“All for being on the street,” she said, “having a house, a room and everything.”
One rainy day, Jason asked López to sign herself in at a rehabilitation center. That same day he took her with all of her clothes to admit herself at the center. Upon arriving there, she had regrets and asked that they turn back. Jason got angry and took her home. That was the only time he got angry with her and also the last time he saw her.
Saturday and Sunday passed without Jason seeing her. She cried because she felt she had lost the person that had brought her such happiness. It was then that she made a decision: She asked a friend to take her to the Rehabilitation Center for Sick Alcoholics (CREA) in Rosarito.
According to López, her battle towards rehabilitation wasn’t only with drugs, but also surviving mistreatment that she experienced in CREA. When a nurse told López to take off a necklace that Jason had given her for her nineteenth birthday. López refused and it was then that the first of many blows. She was then tied up and left on the cold floor. So cold that her hands fell asleep and turned purple.
The women were forced to carry buckets of water up and down a flight of stairs without rest or water. Even the director would hit the women there, she said. López will never forget a woman who tried to escape from the rehabilitation center, but failed. The director left her face purple and bloody.
Three months later, López got sick from tuberculosis and was transferred to a health center. She couldn’t walk and her immunities were low. Her mother picked her up and took her to the hospice “Las Memorias,” where she’s been since June of 2006.
She has a strong guilt and regrets having hurt her family. She blames herself for the death of her grandmother, who cared for her aunt Margarita while she died due to AIDS. She tells that when she told her grandmother she was HIV-positive, her grandmother died of sadness a short time after.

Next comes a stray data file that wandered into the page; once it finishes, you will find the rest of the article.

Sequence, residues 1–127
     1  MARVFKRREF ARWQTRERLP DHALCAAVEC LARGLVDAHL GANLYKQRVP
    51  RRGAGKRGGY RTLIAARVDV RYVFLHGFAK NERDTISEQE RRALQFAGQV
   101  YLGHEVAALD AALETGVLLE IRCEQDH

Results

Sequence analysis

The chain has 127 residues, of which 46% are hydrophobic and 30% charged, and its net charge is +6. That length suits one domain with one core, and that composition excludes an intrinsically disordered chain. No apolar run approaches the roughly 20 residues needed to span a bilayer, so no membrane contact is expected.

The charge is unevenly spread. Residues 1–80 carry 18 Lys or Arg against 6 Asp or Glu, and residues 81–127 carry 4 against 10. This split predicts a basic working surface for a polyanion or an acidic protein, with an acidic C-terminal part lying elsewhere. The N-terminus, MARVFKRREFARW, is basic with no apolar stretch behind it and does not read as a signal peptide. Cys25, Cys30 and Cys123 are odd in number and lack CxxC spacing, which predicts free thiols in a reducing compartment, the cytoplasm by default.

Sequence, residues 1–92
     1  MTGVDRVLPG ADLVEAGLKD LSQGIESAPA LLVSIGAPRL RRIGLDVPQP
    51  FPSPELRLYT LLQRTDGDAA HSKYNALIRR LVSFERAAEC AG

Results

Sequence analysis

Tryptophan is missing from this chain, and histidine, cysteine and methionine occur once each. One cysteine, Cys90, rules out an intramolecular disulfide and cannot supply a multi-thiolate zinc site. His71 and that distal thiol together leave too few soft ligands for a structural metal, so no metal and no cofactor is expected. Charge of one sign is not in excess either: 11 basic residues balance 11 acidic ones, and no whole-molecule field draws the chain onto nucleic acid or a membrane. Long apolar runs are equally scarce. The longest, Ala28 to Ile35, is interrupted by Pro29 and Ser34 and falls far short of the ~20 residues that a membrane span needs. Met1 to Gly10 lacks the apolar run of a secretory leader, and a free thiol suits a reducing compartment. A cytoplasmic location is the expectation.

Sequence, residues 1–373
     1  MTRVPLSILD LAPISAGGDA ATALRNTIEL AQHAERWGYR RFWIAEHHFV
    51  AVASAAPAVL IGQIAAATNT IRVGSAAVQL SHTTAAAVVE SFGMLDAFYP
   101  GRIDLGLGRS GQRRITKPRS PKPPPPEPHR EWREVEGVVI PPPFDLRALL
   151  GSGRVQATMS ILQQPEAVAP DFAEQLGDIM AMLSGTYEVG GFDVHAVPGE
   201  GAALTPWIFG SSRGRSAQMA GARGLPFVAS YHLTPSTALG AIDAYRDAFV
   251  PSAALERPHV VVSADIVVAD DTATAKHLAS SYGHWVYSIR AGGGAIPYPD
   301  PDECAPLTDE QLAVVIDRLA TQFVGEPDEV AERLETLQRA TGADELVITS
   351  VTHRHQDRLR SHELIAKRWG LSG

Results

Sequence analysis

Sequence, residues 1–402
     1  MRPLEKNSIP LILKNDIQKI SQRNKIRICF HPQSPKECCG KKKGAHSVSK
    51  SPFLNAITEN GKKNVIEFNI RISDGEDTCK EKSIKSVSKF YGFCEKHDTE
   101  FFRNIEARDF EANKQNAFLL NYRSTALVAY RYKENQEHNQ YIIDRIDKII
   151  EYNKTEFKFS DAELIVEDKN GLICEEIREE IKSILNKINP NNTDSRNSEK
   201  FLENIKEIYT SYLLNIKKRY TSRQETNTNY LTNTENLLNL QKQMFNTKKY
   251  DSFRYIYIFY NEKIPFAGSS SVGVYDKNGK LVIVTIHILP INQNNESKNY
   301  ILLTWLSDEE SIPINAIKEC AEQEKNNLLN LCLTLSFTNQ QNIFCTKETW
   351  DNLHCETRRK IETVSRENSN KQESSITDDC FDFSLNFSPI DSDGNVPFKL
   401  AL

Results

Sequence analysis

“[Let’s just say], that I killed her knowing that one day I would die,” López said.
She never forgot the day her mother found out she was HIV-positive. It was Mother’s Day and López had gone home to give her a gift. Her sister knew she had HIV and told her mother. That day, her mother asked her if she was HIV-positive.
“Yes,” López told her, clarifying that it was the most difficult moment of having HIV.
Now, López is weak with a voice that can barely be heard. She takes retroviral medicines that make her weak and dreams of going back home with her family to fix her relationship with them.
“The most beautiful moment that I could live would be that my mother would come and lay down with me and comfort me,” she said.
The series first ran in Spanish in “El Nuevo Sol,” a publication for Spanish-speaking college journalists at California State University, Northridge.